Chopin and Dvorák at the QEH
esterday evening the Philharmonia Orchestra, under Vladimir Ashkenazy, gave its last performance at the Queen Elizabeth Hall before returning to the refurbished Royal Festival Hall. All the orchestras have been performing at the QEH for the last two years: although a smaller hall than the RFH it can handle a full sized orchestra and the sound is warm and pleasant, though less detailed than the RFH. The main problem for the orchestras has been the much smaller audience - and hence less money coming in.
The concert opened with two movements from Chopiniana, Glazunov's orchestration of several of Chopin's piano works. I've never liked this: the piano pieces are perfect in themselves and spraying them with orchestral colour is like colouring a perfect marble statue. The Nocturne in F suffered badly from this: however well the orchestra played it, it sounded like a Hollywoodisation. The Tarantella in A flat suffered less, being a lively and more robust piece.
On to real Chopin: the second Piano Concerto, played by Maria João Pires. The delicacy of the work is difficult to maintain on a modern Steinway in what is probably a rather larger hall than Chopin was used to: and I could have done with rather less sustaining pedal, which tended to cloud the complexity of the music. That said, Pires gave a convincing and musical performance. I have to admit to some difficulty over this concerto, as I have the rare International Piano Library LP of a broadcast by the great pianist Josef Hofmann: his playing - which is like that fine china you can see light through - sets an impossibly high standard and it's difficult to disregard it when listening to any other performance.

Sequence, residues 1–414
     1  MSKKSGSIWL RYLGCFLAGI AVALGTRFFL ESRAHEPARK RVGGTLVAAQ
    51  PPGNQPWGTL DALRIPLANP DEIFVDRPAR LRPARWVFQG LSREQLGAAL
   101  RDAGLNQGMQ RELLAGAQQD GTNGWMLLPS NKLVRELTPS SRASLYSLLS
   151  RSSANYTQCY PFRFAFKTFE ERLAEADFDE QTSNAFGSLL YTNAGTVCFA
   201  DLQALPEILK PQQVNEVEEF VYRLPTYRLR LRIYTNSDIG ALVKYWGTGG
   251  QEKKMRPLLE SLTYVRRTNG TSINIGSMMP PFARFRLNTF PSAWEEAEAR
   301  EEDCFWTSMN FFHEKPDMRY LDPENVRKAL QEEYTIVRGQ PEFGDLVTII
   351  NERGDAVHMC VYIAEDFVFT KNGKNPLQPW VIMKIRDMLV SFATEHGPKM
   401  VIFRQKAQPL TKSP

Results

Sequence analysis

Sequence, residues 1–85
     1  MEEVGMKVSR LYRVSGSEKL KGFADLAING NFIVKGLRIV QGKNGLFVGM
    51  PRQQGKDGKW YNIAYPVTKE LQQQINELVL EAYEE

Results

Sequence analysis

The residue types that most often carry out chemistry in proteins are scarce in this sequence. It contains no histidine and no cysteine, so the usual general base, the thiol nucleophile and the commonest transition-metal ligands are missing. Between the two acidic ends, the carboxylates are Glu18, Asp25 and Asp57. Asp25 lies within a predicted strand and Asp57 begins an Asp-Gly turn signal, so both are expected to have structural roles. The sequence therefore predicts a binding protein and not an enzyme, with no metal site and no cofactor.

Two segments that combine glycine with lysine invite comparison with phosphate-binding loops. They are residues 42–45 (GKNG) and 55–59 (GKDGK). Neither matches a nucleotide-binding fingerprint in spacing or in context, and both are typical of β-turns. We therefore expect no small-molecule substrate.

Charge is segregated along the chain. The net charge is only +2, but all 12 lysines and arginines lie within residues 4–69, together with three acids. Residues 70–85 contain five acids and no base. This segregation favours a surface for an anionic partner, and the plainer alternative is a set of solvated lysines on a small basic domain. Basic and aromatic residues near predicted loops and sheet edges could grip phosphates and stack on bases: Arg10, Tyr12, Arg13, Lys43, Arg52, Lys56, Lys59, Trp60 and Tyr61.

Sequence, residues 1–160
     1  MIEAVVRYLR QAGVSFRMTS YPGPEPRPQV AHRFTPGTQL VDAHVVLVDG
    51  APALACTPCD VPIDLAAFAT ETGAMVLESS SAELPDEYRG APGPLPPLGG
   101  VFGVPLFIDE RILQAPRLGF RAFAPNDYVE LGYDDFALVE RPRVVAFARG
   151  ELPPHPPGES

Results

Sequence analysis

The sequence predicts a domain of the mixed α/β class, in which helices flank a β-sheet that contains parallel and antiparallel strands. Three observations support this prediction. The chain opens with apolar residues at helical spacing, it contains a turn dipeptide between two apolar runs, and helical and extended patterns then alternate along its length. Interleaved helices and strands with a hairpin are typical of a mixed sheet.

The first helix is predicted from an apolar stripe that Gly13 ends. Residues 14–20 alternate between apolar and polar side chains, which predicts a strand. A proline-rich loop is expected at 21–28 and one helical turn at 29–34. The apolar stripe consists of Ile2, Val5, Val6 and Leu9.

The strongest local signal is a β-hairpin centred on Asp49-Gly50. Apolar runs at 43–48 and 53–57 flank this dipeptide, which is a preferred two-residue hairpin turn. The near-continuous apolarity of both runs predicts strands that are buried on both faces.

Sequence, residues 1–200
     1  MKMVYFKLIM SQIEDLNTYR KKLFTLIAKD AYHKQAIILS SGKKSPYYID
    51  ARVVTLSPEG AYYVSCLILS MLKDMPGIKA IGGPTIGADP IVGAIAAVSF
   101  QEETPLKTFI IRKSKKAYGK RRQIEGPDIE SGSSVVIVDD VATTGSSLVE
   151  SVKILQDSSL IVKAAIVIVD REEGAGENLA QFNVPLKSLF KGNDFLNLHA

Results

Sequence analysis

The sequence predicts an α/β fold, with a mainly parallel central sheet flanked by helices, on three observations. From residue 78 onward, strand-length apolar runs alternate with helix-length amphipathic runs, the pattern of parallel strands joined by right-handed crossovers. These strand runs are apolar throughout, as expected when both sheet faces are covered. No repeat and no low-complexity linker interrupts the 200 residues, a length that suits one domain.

The concert ended with Dvorák's 8th Symphony, a warm-hearted and sunny work. An engaging performance, particularly in the attractive mid-section of the third movement and the Elgarian opening theme of the final movement. The woman next to me, who had been assuming hand-on-forehead 'I am a music lover' poses, took to studying the program - or rather the inset leaflet offering the opportunity to have your name stuck on a seat for an inflated price - during the third movement: I wonder why some people bother to come.
Concerts at the Royal Festival Hall start shortly, but as it happens I don't have one booked until September (after a couple of weeks of concerts the hall is spending the rest of the summer with a production of Carmen Jones - the orchestras will be concentrating on the Promenade Concerts at the Royal Albert Hall): I look forward to seeing and hearing the results of the refurbishment then.
Posted: Fri - June 1, 2007 at 09:07 AM by Roger Wilmut
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Published On: Mar 11, 2016 05:00 PM